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Summary: Paul sailed into the unknown with the Holy Spirit leading the way. His journey was dangerous and uncomfortable, but he was still in the center of God’s will.

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A Prisoner of Christ on the Seas of Life

By Pastor Jim May

Acts 27:1 – 28: 10

The story of Paul’s capture and sailing on a ship bound for Rome as it pertains to the life of a Christian who has been “captured” for Jesus and sailing through life on the way to our predetermined destiny in the work of the Lord.

Before Paul was called and anointed to be a carrier of the gospel of Jesus Christ he had been a man of the world, persecuting the church; even causing some followers of Jesus to be put to death for their testimony. But God got hold of his life on the road to Damascus and Paul was forever changed. From that day forward he was always about the Lord’s business, building churches, preaching the gospel to everyone he met and training ministers to take over when he left town so that the church would go on in victory.

Then came that fateful day when he came face to face with Festus, the newly appointed Roman Governor. Festus was a man who had little regard for the gospel or for these people who called themselves Christians. He accused Paul of being a crazy man because of all his ranting and raving about this man Jesus.

I don’t know about you but I’ve had a few people say that I was a little bit crazy too for serving the Lord. I am convinced that only way you can truly have a sound mind is to serve the Lord. The world has it backwards and sin blinds us to the truth. We need Jesus giving us wisdom just to live a normal life.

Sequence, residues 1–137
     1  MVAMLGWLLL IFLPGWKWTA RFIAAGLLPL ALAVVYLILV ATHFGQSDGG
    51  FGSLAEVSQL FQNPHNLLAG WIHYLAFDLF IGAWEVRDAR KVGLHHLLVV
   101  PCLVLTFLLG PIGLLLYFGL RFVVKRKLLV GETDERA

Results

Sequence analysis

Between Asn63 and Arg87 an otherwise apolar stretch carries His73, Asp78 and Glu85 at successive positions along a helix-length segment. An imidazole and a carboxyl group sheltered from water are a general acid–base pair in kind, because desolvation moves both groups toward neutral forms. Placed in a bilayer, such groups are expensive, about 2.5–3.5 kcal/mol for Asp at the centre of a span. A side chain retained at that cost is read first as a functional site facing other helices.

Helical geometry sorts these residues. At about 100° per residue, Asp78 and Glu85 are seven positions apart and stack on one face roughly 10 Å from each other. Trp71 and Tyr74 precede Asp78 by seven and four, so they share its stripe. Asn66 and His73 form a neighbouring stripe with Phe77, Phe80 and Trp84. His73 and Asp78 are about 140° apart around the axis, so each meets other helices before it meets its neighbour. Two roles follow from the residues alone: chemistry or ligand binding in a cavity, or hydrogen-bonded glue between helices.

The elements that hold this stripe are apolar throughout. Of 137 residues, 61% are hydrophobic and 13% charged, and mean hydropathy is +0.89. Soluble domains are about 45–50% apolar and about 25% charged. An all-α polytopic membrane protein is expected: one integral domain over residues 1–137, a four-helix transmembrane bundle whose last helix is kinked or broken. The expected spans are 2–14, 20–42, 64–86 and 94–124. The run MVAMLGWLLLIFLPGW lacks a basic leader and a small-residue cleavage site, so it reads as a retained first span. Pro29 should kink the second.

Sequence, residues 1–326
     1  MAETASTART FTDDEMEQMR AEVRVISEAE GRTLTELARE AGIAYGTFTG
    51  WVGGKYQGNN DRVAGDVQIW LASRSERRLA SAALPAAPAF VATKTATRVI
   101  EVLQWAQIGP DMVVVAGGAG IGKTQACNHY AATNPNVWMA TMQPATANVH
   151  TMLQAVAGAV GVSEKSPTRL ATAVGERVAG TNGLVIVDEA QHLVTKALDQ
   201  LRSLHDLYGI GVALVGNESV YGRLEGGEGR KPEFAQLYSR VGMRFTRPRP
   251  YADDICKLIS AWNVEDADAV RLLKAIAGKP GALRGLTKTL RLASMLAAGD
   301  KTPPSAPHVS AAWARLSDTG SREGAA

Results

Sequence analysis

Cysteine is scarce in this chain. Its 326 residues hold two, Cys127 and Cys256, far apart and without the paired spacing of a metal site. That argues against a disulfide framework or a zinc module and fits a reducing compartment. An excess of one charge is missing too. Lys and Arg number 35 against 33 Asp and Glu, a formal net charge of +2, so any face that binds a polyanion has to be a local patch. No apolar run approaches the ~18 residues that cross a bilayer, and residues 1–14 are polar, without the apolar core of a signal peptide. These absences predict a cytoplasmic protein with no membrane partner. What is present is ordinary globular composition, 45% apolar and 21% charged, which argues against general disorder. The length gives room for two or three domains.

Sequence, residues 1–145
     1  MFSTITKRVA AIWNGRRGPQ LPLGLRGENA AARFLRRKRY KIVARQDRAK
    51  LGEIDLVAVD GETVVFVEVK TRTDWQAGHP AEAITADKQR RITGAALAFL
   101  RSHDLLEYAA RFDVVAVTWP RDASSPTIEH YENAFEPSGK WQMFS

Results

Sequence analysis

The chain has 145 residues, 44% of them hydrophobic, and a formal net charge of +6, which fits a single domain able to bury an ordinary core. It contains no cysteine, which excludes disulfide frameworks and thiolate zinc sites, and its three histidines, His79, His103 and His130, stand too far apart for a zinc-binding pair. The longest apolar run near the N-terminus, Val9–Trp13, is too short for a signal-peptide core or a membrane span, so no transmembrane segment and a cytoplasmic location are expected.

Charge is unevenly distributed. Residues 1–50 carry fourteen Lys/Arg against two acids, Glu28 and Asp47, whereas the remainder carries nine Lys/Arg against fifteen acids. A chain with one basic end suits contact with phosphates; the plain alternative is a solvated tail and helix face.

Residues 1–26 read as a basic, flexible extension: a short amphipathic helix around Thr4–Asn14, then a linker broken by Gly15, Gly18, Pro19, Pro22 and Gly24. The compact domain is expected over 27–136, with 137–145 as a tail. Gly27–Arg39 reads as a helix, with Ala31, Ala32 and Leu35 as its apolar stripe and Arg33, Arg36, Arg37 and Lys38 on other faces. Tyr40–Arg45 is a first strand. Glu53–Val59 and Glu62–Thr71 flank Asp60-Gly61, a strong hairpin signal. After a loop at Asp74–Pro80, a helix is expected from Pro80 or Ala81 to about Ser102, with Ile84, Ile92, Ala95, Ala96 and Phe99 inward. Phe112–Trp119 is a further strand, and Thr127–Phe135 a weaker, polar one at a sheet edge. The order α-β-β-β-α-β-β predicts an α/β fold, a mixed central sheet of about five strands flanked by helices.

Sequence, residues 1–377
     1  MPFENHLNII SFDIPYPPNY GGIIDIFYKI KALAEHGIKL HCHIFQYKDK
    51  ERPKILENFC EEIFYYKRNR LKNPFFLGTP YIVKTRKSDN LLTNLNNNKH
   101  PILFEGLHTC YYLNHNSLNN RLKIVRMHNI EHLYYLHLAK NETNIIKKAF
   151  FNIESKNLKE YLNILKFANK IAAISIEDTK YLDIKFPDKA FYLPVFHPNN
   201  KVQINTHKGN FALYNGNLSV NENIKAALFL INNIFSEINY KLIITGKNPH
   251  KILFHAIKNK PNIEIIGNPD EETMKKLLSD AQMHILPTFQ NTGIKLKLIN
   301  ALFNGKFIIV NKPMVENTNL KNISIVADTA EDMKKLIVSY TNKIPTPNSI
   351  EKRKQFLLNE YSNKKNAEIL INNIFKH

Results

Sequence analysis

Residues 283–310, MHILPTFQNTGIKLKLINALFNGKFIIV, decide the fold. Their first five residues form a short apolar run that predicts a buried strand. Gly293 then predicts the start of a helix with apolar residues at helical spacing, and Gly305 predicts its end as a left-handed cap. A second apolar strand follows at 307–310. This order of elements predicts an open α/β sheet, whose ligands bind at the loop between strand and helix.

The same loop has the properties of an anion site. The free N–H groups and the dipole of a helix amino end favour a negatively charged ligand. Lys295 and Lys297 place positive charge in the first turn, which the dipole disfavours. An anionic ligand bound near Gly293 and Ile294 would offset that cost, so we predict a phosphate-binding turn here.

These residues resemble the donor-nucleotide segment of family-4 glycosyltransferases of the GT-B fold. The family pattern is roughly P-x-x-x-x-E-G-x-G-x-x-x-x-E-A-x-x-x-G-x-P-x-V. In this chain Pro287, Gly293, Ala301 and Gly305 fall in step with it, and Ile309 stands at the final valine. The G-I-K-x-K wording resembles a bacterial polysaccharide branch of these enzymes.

Paul then went before King Agrippa in the Roman Praetorium and there he preached the gospel to that heathen Roman puppet king. The power of God’s Word preached that day cut right through the hard heart and blinded eyes of King Agrippa. Conviction fell in that palace as Paul spoke and King Agrippa became immortalized by the words that he spoke, “Almost thou persuadest me to be a Christian”.

Almost – that’s a hard word to think about. Almost means I am so close and yet I will never make it. Agrippa almost became a born again Child of God that day, but he didn’t. He almost repented of his sin, but he didn’t. He almost fell down and worshipped Jesus as Savior, but he didn’t. He was almost saved, but he wasn’t. Those words will haunt Agrippa and everyone who identifies with his predicament throughout eternity. As they are forever tormented in the flames, with every moment, their thought will be,

I almost escaped these flames, but I didn’t.” Almost isn’t good enough. You can’t almost be saved and go to Heaven. You can’t almost come to church, and then say you came.

It’s like one story I heard of the police officer who tried to make a man obey the stop sign. Why did you run the stop sign, he asked the driver. The driver said, “Well, I almost stopped.” At that the policeman pulled out his ticket pad and began writing a ticket for running the stop sign. Several times he almost stopped writing, but kept going instead. When he handed the driver his ticket he said, “Now can you tell the difference between almost stopping and not stopping?” Maybe the fine that you will be paying will help you remember the difference.


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